TIF District - click to see TIF District Map.pdf
The Fulton TIF Area is approximately 58.8 acres situated near the intersections of Illinois Route 136 and Illinois Route 84. Incremental property taxes are derived from the increase in the current equalized assessed valuation (EAV) of real property within the redevelopment project area over and above the Certified Initial EAV of such real property. Any increase in EAV is then multiplied by the current tax rate to arrive at the Incremental Property Taxes. During the life of the TIF, the property tax revenues are distributed to the city to finance some of the redevelopment expenditures within the TIF area upon approval of the Fulton City Council.
Revolving Loan Fund
The City of Fulton Revolving Loan Fund is used to stimulate economic growth in the City of Fulton by assisting with the retention and growth of an existing industrial and commercial base, providing needed equity to new start-up businesses and providing an incentive for established businesses to relocate to Fulton.
- The City of Fulton is a secondary lender.
- The City will lend up to $15,000 per each full time employee.
- The City will lend up to 30% of the total project costs.
- Interest rates are typically lower than a bank but must be approved by the Revolving Loan Fund Committee.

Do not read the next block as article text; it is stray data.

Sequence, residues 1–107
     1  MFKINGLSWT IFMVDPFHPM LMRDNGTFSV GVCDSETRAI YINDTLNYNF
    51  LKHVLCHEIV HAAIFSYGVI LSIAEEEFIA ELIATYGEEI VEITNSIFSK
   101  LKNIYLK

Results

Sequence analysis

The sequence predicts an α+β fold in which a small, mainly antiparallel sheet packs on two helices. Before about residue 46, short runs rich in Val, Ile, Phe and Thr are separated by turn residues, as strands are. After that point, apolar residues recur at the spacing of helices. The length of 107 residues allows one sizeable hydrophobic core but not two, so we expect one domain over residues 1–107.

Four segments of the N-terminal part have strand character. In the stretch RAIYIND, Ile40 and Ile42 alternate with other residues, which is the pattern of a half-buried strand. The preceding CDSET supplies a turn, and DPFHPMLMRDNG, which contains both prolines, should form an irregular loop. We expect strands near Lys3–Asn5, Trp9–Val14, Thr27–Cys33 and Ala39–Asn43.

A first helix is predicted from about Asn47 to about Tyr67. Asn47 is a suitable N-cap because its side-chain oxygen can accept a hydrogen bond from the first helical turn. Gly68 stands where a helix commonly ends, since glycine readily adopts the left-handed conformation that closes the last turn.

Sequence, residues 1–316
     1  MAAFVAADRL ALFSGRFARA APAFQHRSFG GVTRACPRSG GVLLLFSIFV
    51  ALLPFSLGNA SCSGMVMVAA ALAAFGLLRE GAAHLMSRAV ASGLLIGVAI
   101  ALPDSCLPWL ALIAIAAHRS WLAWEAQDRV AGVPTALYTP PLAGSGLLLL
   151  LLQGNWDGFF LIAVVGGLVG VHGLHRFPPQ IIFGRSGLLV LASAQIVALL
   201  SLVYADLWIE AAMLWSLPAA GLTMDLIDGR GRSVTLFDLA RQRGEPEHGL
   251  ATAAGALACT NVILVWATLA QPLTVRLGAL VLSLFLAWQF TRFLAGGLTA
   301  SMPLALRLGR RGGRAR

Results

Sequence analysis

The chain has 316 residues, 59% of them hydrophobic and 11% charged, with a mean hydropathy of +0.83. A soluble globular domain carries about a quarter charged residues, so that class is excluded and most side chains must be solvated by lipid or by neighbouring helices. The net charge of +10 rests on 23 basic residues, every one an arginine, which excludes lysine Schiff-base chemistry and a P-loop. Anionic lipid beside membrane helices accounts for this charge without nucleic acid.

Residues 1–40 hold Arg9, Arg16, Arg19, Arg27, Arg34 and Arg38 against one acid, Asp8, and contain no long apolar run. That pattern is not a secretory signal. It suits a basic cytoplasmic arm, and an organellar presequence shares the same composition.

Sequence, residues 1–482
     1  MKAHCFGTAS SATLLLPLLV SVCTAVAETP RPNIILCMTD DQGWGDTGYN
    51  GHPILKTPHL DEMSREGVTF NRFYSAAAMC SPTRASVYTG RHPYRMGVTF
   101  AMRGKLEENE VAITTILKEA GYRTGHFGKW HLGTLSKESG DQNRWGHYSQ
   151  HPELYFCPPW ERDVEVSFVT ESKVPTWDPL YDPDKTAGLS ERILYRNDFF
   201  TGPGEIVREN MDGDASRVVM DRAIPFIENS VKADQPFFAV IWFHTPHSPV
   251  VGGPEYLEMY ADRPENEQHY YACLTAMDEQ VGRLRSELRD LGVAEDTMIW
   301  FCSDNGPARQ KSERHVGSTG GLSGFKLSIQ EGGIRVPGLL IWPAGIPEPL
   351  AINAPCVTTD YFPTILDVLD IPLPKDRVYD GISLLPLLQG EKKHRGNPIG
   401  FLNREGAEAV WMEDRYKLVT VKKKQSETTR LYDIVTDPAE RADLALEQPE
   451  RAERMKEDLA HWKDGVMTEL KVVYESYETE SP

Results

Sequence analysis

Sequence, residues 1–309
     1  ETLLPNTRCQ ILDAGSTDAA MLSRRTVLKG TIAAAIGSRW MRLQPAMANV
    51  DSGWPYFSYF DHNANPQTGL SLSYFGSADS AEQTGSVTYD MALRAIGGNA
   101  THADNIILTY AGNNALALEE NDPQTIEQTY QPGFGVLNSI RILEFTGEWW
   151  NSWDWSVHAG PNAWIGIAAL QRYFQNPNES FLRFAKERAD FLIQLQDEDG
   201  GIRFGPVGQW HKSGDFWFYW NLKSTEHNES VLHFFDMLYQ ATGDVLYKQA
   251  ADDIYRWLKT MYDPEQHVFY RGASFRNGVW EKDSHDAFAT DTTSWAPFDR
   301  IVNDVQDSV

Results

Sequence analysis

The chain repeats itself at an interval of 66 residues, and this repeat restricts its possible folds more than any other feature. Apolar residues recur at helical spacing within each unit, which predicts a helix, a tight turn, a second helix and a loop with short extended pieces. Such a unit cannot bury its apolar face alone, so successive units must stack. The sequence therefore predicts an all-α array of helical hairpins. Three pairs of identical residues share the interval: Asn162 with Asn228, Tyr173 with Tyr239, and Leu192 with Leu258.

- The City’s terms on loan vary between 5 to 20 years depending upon loan amount, project and approval from the Revolving Loan Fund Committee.
- Eligible uses of the loan: site development/infrastructure, construction of a new facility, renovation of an existing facility, leasehold improvements, purchase of new or used equipment, and working capital.
Downtown Historic District - click to see Downtown Historic District Map.pdf
Fulton's Downtown Commercial District is listed in the National Register of Historic Places. Listing in the National Register honors the property by recognizing its importance to the community, state and/or nation.
- Listing only affects actions to the building that require a federal license, permit or funding.
- Listing does not require owners of private property to open their properties to the public, to restore them, or even to simply maintain them, if they choose not to do so.
- If a building or district is locally designated or listed, it may be subjet to any local ordinances in effect for historic properties.
- Properties listed within a designated district may be eligible to obtain federal historic preservation funding, when funds are available.
- Properties listed within a designated district may participate in programs involving federal historic income tax credits for eligible rehabilitation activities.
For more information please visit http://www.illinoishistory.gov/ps/index.htm